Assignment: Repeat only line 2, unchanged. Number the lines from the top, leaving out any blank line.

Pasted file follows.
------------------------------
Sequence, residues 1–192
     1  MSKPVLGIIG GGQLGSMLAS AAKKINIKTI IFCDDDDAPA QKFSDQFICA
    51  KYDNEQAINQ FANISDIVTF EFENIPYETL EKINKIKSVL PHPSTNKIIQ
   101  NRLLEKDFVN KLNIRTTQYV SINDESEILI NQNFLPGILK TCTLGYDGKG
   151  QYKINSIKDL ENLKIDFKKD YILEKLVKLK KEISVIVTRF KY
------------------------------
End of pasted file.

     1  MSKPVLGIIG GGQLGSMLAS AAKKINIKTI IFCDDDDAPA QKFSDQFICA